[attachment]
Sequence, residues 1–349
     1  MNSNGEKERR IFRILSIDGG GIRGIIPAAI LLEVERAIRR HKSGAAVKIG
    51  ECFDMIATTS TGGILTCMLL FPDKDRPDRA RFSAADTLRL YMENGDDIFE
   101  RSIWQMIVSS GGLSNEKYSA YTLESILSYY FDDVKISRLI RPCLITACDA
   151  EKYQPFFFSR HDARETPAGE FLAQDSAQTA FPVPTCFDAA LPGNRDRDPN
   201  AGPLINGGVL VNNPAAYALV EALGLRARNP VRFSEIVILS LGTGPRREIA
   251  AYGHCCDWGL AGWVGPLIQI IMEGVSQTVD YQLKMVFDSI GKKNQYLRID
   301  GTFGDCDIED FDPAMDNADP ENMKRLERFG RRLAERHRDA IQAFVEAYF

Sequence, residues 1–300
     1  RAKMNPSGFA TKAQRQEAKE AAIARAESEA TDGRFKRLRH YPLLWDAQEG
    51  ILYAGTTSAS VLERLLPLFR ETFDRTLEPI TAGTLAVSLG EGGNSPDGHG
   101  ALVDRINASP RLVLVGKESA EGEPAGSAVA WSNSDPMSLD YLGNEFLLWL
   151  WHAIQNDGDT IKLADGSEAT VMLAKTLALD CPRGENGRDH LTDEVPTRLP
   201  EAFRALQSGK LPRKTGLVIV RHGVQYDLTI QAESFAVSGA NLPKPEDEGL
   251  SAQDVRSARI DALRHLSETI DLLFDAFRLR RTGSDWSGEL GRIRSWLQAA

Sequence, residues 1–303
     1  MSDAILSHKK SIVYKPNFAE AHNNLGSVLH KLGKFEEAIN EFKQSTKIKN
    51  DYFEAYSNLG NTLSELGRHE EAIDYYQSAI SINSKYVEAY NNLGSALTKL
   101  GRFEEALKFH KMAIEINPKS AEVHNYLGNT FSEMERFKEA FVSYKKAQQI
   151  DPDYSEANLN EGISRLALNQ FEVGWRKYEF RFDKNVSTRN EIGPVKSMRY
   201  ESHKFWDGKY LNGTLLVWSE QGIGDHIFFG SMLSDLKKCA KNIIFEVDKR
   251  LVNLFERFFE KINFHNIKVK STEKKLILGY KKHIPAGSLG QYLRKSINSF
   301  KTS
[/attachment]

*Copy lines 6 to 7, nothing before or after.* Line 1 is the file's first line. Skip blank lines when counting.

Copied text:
   201  AGPLINGGVL VNNPAAYALV EALGLRARNP VRFSEIVILS LGTGPRREIA
   251  AYGHCCDWGL AGWVGPLIQI IMEGVSQTVD YQLKMVFDSI GKKNQYLRID